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using concrete to create an outdoor living space

Do you want an area outside of your home where you can entertain guests? Maybe, you just want a patio where your family can gather for an outdoor dinner on a warm summer's night. If so, it is quite possible that you could have a concrete patio installed for less money than you might think. You can learn all about how concrete can be used for many of the elements of your patio. Concrete is easy to maintain and can last many, many years, so it is a great material to use in such a way. Visit my website to see how many things I have made out of concrete for my patio and learn the estimated cost of each item.

using concrete to create an outdoor living space

Understanding The Asphalt Paving Process

by Eugene Mitchell

The process of installing asphalt may seem simple, but it actually requires exact measurements, skill, and physical labor. Whether you want to understand what your contractor is doing or are thinking of doing your pavement yourself, read on to learn about the paving process.

Find a Contractor

Even if you want to do your pavement yourself, you should still look into asphalt paving contractors in your area to get an idea of what services are available and how much they cost. It might even be more cost effective to have someone do it for you, considering the cost of supplies and your time.


The first step in actually installing your pavement is the removal of the pavement you had before. This can be very labor intensive. If you're paving a previously unpaved surface, you'll have to clear away any debris and rocks to ensure a smooth surface.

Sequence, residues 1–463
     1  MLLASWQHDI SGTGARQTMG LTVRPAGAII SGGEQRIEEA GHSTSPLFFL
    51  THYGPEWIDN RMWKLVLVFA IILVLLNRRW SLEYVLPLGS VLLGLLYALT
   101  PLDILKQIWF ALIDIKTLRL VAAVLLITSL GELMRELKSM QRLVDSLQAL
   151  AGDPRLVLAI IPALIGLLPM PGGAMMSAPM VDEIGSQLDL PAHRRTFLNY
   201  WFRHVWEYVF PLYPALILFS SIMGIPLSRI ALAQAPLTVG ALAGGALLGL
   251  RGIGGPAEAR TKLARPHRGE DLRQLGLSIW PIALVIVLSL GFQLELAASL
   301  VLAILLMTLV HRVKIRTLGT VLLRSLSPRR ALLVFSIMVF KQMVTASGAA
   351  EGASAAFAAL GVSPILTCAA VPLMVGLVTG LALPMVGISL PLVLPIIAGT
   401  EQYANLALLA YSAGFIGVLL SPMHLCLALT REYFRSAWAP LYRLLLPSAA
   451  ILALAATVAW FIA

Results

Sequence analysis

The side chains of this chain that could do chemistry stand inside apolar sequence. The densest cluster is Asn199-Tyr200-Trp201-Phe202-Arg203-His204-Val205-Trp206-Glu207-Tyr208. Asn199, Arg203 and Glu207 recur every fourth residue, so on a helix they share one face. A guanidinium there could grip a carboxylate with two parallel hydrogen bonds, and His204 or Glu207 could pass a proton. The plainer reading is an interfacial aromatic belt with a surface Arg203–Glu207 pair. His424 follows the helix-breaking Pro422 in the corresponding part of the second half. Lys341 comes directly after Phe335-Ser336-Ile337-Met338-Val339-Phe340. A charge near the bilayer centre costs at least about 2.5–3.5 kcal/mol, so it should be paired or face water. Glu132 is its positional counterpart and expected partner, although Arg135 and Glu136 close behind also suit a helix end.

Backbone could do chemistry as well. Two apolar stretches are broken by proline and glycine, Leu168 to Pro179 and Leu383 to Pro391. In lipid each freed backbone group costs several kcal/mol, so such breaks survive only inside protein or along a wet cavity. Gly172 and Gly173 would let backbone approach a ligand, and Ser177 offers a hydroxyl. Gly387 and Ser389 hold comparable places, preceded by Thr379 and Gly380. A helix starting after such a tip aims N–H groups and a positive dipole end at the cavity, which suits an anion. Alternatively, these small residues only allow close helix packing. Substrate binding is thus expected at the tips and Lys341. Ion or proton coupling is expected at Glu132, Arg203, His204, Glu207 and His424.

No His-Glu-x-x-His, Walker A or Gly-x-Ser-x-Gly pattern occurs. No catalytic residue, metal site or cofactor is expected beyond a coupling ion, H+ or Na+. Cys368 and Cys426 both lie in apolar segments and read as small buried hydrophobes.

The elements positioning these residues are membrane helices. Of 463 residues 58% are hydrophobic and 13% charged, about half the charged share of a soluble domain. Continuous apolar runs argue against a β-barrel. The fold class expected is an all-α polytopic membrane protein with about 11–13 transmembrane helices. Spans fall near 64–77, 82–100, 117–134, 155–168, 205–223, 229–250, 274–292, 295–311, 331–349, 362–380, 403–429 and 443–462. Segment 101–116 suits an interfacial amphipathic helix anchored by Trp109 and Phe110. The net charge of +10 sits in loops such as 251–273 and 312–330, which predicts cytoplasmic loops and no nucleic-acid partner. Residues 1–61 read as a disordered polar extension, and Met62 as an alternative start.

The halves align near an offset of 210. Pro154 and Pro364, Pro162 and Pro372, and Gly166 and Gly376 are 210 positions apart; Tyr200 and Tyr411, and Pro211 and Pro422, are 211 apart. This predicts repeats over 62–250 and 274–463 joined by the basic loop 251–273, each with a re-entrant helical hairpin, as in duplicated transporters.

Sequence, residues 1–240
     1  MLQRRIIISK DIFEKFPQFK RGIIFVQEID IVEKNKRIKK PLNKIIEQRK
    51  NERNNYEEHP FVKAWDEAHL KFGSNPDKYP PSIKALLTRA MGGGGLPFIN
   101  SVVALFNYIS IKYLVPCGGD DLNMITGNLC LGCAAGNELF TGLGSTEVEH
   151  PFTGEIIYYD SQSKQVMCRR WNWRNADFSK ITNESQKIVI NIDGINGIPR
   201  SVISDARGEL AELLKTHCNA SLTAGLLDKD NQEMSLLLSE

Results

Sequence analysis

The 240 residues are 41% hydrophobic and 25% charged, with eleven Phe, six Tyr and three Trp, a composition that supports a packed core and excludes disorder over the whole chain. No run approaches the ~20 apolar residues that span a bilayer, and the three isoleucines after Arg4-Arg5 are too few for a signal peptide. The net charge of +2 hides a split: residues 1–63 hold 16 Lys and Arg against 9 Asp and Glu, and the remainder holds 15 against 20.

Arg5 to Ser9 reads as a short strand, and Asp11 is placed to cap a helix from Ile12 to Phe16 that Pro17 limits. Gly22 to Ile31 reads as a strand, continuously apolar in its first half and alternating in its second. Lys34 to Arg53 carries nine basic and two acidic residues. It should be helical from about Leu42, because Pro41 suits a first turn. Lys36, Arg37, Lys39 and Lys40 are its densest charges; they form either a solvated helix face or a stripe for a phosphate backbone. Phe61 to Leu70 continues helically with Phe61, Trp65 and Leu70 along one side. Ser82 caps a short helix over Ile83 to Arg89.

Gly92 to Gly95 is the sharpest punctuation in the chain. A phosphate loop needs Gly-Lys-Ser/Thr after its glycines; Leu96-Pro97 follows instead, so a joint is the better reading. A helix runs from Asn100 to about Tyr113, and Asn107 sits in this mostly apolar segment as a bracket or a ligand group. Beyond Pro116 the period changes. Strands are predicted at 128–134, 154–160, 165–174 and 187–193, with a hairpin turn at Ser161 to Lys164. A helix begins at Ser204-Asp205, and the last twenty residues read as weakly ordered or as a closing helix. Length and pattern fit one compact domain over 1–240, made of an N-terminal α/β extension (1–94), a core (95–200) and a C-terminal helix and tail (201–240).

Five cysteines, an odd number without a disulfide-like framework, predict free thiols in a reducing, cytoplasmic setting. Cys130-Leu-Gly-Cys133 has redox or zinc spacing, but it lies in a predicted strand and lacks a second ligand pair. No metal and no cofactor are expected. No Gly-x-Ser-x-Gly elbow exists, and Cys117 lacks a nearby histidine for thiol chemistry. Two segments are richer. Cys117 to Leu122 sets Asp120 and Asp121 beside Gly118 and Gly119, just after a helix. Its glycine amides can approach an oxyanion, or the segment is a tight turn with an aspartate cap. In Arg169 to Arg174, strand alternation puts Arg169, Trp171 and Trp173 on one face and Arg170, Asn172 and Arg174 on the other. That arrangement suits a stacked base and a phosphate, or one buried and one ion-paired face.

Adjust Grading

After you've removed all debris you'll have to measure the grading of your surface. This isn't just about aesthetics. Your grading has to be just right to ensure that water can run off properly. If it doesn't, it can slowly ruin your asphalt.

Prepare the Base

You might be surprised to learn that you don't just pour asphalt directly onto the ground. To ensure proper drainage and grading, and to keep your asphalt in place, you need to have a perfect sub base. The stability, compaction, installation, and thickness all need to be perfect for long lasting asphalt. You'll have to begin by compacting the base soil with a twin drum roller. For clay based soil, you'll have to cover that in about 8 inches of crushed rock. If you had sandy soil, four inches might be sufficient.

Compact the Asphalt

After you let your base settle for about a week, you can lay on your asphalt to the appropriate thickness. After that you'll have to take that 3,000 pound compactor back out and compact the asphalt.

Treat the Edges

For proper water drainage, the edges of your asphalt should be cut at a 45 degree angle. You'll have to get out your protractor and measure to make sure it's just right.

Installing asphalt is labor intensive, costly, and messy. What looks like simple work actually requires precision and mathematical calculations. If this sounds like a lot to have on your plate, you should reach out to an asphalt paving contractor such as Bartelt Enterprises Inc. to learn more.